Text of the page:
Bottle number 66

Bottle number 66

throwing in bottle number 70

throwing in bottle number 70

Bottle number 68

Bottle number 68

Although the bottles drifted away quickly, we could follow them with our eyes for a while, drifting past two smaller boats. The beach was well visited and I feared someone might take the bottles out right after me tossing it in. But at least those four could only have been retrieved from the beach at hight risk, given the speed with which they drifted out to sea. We looked for a less visited corner, and indeed it looked like no-one watched us throwing. And also the people on the boat didn’t seem to notice the floating bottles.

On our way home on Thursday, we took a break to look at King’s Lynn, where the river Ouse flows into the sea. Unfortunately I didn’t have any more bottles on me. M. was surprised that I put in 4 bottles on Wednesday, but my sister and I had just too much fun tossing the bottles to not to. I wish I had brough more.

When I came home, I found a surprise in my mailbox. A boy aged 11 send me the following message:

I found your little message in the bottle at Wells-next-to-sea’s beach on Monday the 17th of August 2015. I was really surprised to find it floating around in the sea. I was just wondering where did you drop the message in from? my number for the bottle is 69.

Of course I already wrote back, gave him some details and asked for more. How did he find it? Was it hard to spot? Easy to open? Everything dry? And who is he? Was he on a vacation? Where is he from? – I hope he’ll answer my email. If he does, I’ll let you know of course.

This is a picture of the bottle still at home:

Message in a Bottle No. 69

Message in a Bottle No. 69, still at home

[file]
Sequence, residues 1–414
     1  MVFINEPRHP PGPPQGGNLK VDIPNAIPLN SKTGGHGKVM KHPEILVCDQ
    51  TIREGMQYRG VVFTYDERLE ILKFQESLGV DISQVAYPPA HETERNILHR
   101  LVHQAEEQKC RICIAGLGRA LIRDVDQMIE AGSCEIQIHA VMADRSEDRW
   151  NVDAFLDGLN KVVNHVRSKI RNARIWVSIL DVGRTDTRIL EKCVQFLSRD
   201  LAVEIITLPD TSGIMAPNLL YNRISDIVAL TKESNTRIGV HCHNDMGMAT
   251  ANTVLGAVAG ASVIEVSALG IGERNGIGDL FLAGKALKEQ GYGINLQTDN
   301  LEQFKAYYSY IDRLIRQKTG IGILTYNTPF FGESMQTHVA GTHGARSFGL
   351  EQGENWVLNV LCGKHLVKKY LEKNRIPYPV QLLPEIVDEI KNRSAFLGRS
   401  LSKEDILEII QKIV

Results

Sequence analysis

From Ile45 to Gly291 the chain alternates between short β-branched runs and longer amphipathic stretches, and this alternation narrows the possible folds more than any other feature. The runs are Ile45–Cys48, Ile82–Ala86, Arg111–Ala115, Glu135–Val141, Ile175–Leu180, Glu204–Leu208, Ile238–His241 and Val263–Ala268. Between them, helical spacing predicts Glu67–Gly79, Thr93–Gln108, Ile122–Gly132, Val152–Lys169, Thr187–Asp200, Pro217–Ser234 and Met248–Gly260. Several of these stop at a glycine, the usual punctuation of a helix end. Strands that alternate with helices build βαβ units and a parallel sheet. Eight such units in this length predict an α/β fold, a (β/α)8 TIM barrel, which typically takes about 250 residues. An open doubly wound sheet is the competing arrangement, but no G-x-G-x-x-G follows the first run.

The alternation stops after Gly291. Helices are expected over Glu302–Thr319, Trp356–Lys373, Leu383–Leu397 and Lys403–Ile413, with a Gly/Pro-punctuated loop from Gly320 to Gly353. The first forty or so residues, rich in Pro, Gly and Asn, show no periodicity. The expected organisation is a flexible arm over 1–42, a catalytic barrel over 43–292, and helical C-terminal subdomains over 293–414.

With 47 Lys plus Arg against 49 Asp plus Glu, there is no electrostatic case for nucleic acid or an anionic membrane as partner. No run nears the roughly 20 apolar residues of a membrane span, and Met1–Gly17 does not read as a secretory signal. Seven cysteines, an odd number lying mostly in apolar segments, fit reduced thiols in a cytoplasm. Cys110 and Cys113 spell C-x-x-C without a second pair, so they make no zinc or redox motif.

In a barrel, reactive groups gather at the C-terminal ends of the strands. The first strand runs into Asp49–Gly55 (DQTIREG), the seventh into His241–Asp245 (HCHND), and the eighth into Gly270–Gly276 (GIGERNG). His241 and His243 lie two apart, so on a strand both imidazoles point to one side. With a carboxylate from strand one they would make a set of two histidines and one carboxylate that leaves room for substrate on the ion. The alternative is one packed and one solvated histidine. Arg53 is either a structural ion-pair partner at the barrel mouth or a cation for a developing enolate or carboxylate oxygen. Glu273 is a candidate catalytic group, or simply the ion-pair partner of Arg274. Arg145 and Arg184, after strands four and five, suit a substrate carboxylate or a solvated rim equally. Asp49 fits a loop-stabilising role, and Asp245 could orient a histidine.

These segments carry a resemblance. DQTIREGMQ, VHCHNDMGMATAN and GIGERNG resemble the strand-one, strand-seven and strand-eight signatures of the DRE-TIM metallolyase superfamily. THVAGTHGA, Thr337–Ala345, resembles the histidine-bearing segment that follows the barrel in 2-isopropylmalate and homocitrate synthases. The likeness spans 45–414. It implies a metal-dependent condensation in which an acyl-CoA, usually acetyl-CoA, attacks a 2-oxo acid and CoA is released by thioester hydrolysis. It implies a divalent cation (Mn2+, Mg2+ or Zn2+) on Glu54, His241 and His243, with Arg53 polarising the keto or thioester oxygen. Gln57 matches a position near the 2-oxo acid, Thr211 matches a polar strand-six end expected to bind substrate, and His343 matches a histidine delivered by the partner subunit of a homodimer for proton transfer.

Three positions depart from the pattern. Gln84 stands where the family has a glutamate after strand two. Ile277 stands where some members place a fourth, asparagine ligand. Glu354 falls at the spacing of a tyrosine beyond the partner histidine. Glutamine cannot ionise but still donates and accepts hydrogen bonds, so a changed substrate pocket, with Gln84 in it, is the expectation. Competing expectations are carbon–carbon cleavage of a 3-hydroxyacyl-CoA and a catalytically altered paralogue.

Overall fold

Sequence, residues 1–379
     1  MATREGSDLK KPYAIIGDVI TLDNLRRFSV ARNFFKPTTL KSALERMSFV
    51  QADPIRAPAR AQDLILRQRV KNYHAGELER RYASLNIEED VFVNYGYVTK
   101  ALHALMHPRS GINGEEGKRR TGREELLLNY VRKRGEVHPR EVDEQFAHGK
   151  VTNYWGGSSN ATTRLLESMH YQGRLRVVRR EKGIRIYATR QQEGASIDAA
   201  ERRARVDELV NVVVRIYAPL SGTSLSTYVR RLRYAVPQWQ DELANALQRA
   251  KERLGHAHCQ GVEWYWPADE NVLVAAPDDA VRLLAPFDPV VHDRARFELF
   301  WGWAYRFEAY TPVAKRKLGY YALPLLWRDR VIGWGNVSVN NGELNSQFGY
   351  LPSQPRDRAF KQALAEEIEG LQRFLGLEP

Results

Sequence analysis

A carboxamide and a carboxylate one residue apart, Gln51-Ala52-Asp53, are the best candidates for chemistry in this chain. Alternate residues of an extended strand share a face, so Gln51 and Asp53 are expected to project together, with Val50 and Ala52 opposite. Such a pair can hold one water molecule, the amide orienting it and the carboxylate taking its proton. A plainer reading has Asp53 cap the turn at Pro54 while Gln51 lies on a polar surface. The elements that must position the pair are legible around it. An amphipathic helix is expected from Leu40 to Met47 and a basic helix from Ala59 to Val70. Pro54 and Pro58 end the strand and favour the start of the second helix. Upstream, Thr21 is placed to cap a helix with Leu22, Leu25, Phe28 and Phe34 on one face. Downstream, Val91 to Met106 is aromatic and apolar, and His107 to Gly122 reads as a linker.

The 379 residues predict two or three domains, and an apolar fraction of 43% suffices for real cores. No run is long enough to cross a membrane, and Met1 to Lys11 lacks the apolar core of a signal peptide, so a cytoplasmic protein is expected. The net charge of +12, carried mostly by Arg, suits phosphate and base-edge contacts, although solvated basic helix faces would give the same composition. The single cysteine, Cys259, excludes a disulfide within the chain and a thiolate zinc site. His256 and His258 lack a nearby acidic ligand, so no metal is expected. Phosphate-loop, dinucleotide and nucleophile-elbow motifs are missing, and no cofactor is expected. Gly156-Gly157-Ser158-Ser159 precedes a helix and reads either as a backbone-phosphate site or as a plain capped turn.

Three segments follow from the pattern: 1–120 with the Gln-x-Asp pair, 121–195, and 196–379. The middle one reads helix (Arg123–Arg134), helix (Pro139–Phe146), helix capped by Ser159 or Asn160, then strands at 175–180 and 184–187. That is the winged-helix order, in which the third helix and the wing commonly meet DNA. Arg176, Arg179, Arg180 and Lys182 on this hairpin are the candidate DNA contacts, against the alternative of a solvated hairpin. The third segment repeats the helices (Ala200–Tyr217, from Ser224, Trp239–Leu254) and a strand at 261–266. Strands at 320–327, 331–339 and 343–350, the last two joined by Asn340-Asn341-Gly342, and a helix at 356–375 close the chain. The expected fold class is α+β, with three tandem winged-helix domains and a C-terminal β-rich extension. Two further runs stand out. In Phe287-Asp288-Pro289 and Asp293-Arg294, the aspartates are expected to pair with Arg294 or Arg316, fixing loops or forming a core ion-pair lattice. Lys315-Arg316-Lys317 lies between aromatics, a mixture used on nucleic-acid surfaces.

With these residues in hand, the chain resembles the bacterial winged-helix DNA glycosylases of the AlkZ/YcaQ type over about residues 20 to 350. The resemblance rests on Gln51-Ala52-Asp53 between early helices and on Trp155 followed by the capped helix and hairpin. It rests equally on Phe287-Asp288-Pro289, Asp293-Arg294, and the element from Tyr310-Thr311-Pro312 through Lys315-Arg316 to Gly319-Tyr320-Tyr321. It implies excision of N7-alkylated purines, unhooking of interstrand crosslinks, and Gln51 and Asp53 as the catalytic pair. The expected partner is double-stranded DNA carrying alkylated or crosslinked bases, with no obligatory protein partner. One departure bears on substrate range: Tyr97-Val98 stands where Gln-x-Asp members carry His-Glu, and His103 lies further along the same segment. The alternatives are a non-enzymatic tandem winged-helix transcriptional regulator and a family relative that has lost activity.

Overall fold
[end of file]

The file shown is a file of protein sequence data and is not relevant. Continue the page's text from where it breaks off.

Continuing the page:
I named bottle number 69 “jumpping fish”, and as usual for these bottles, I cut the stamp for the fish by hand, and put the stamp in as a gift.

the cover image and the stamp on my worktable

the cover image and the stamp on my worktable

When I point my computer’s camera down, you can see that I curently have six more bottles here waiting for their release. I would like to put at least some of the small worlds into the river Thames. That is because I hope that even wild as it is, the river would be more gentle to the bottles than the open sea, and I know that there is at least one message collector on the Thames shores. Well, I’ll see. And of course I’ll let you know as soon as I can. (Unfortunately that sometimes means after I already put the bottles in. If you are interested in meeting up, taking a look at the bottles before I toss them, or just to join up for a joint tossing event, let me know now so that I we can be in touch closer to the actual event.)

at homeP.S.: I just noticed that for all summer dispatches, on all the photos I was wearing the same pair of pants. I maybe should mention that I do have others, and I also wear them…